## Mathematicians compared to other Academics

*One of my personal favorites is the first one in this series of jokes.. It shows different ways of perceiving our world.*

An astronomer, a physicist and - the object of our interest - a
mathematician are on holiday, let's say in Switzerland.
Looking through clean train window - as clean as the can only be
found in Switzerland - they observed a black sheep in the middle of a
green pasture.

"Quite interesting," states the astronomer, "all Swiss sheep are black!"

The physicist corects him, "That's not true! Some Swiss sheep are black!"

The mathematician thinks it over thoughtfully and finally remarks: "There exists at least one place in Switzerland, containing at least one sheep, which is at least on one side black."*****************************************

*What alienates mathematicians from managers is the fact, that they are in most cases interested in the existence and proving of concepts. Finding a practical way to solve a problem is often too tedious and not satisfying enough from the mathematical point of view:*

An engineer, a physicist and a mathematician are staying in a hotel. The engineer wakes up and smells smoke. He goes out into the hallway and sees a fire, so he fills a trash can from his room with water and douses the fire. He goes back to bed. Later, the physicist wakes up and smells smoke. He opens his door and sees a fire in the hallway. He walks down the hall to a fire hose and after calculating the flame velocity, distance, water pressure, trajectory, etc. extinguishes the fire with the minimum amount of water and energy needed. Later, the mathematician wakes up and smells smoke. He goes to the hall, sees the fire and then the fire hose. He thinks for a moment and then exclaims, "Ah, a solution exists!" and then goes back to bed.

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Mathematicians are something special and the best way to prove it - of course not in a methemacal correct way - is by comparing them to other "ordinary" academics.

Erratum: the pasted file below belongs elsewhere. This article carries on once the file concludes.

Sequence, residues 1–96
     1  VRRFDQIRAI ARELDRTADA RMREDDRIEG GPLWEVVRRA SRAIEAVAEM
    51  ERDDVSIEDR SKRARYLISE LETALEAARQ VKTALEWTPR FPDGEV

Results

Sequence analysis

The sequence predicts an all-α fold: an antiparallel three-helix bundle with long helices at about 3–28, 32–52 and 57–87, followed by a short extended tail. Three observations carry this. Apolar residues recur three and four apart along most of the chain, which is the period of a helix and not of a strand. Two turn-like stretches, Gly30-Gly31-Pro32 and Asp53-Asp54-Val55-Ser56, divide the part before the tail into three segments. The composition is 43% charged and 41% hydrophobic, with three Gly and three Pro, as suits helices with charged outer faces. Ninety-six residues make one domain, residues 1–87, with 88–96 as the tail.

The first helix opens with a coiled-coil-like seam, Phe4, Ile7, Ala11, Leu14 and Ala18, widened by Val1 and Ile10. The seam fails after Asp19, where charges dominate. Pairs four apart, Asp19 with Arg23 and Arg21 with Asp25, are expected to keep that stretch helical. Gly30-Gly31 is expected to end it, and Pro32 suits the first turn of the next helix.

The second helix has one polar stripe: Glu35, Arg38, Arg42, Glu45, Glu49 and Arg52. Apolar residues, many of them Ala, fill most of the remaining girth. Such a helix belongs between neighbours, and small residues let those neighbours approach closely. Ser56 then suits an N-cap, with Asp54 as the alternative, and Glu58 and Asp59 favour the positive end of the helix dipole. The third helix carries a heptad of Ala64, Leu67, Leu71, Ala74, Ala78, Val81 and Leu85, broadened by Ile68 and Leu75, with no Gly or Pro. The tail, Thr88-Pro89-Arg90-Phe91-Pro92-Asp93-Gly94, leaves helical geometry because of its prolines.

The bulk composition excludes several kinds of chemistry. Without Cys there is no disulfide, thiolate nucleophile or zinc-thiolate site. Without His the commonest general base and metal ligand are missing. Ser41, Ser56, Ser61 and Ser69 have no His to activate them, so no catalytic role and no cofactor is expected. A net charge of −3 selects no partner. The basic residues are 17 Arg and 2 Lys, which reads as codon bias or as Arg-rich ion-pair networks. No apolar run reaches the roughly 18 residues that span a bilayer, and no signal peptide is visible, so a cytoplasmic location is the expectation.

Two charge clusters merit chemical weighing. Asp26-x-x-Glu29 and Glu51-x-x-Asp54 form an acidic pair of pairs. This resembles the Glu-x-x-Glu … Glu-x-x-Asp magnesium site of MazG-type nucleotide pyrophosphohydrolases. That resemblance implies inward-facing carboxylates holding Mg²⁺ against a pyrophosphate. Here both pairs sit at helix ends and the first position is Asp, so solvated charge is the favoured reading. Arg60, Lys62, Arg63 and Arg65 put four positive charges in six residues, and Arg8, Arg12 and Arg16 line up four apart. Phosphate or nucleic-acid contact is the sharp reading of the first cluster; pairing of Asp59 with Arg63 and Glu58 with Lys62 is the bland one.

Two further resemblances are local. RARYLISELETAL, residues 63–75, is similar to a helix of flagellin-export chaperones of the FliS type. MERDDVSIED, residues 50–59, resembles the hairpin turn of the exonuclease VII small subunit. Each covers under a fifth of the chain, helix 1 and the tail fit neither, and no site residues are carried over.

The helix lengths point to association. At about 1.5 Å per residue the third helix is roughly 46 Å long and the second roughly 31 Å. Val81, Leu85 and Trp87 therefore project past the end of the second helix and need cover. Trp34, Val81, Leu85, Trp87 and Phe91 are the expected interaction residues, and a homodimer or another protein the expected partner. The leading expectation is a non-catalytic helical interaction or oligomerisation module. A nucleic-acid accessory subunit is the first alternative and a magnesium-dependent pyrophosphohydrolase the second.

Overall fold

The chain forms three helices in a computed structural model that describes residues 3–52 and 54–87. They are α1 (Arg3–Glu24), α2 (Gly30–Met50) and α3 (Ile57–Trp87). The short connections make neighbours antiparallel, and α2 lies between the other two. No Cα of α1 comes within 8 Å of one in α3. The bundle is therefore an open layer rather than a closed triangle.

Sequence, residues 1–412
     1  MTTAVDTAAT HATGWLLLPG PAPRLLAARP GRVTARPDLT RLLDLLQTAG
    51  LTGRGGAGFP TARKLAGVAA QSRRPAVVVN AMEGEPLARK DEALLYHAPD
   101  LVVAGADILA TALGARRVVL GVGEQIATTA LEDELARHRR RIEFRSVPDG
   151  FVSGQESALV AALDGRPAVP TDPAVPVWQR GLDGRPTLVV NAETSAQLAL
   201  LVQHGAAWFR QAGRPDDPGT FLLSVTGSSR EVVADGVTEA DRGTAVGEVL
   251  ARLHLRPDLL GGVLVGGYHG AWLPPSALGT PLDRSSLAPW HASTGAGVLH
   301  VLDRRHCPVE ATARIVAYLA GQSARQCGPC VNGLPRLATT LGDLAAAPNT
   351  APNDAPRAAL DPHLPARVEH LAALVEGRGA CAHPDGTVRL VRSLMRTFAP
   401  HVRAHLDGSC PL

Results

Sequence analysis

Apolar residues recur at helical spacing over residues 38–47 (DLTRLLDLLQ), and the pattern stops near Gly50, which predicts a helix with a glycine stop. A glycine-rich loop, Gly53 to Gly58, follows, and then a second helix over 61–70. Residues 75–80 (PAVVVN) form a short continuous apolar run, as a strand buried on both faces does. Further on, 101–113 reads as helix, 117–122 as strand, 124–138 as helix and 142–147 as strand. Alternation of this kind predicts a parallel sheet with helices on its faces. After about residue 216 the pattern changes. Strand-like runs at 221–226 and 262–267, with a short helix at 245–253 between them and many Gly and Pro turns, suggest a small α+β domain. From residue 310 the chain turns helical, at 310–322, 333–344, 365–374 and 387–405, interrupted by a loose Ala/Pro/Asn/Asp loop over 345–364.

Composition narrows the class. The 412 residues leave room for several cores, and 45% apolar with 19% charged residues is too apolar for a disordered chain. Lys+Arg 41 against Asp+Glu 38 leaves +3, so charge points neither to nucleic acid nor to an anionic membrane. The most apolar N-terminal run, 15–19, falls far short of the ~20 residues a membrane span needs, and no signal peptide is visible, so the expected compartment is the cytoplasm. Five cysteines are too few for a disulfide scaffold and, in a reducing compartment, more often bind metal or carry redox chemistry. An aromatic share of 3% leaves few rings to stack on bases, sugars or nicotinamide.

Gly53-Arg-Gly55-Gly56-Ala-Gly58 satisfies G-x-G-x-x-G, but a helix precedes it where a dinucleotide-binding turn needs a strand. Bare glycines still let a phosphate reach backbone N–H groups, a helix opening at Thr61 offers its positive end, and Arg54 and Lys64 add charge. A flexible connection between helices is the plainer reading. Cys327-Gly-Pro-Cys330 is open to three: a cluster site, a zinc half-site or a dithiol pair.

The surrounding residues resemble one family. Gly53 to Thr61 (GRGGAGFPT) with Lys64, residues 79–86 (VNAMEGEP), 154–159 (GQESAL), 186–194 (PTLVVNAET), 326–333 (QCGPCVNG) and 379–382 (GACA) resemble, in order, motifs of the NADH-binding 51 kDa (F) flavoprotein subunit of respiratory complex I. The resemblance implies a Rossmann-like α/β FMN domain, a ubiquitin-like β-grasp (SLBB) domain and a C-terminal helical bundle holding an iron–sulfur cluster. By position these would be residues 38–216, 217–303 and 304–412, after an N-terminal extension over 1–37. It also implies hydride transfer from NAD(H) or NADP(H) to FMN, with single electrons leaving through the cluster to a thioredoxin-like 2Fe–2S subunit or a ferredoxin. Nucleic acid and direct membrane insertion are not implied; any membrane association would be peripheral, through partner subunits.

The first joke teaches us, how different groups approach prime numbers, or better, how they "prove" that every odd number higher than 2 has to be prime:

Mathematician: 3 is a prime, 5 is a prime, 7 is a prime, and by induction - every odd integer higher than 2 is a prime.

Physicist: 3 is a prime, 5 is a prime, 7 is a prime, 9 is an experimental error, 11 is a prime,...

Engineer: 3 is a prime, 5 is a prime, 7 is a prime, 9 is a prime, 11 is a prime,...

Programmer: 3 is a prime, 5 is a prime, 7 is a prime, 7 is a prime, 7 is a prime,...

Salesperson: 3 is a prime, 5 is a prime, 7 is a prime, 9 -- we'll do for you the best we can,...

Computer Software Salesperson: 3 is prime, 5 is prime, 7 is prime, 9 will be prime in the next release,...

Biologist: 3 is a prime, 5 is a prime, 7 is a prime, 9 -- results have not arrived yet,...

Advertiser: 3 is a prime, 5 is a prime, 7 is a prime, 11 is a prime,...

Lawyer: 3 is a prime, 5 is a prime, 7 is a prime, 9 -- there is not enough evidence to prove that it is not a prime,...

Accountant: 3 is prime, 5 is prime, 7 is prime, 9 is prime, deducing 10% tax and 5% other obligations.

Statistician: Let's try several randomly chosen numbers: 17 is a prime, 23 is a prime, 11 is a prime...

Professor: 3 is prime, 5 is prime, 7 is prime, and the rest are left as an exercise for the student.

Computational linguist: 3 is an odd prime, 5 is an odd prime, 7 is an odd prime, 9 is a very odd prime,...

Psychologist: 3 is a prime, 5 is a prime, 7 is a prime, 9 is a prime but tries to suppress it,...

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The next joke in this series is about pi and its definition:

A Mathematician defines Pi is the ratio of the circumference of a circle to its diameter. An engineer can live with an approximation, for him it's just about 22/7. Physicist equals Pi with 3.14159 plus or minus 0.000005. A Computer Scientist uses double precision and gets more decimal places: 3.141592653589.

Finally the Nutritionist says: You one track math-minded fellows, Pie is a healthy and delicious dessert!

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*The next joke shows highlights the prejudice, which might contain a grain of truth, that mathematicans are too self-centered and don't care if their doing if of any real benefit to society.*

An engineer thinks that his equations are an approximation to reality. A physicist thinks reality is an approximation to his equations. A mathematician doesn't care.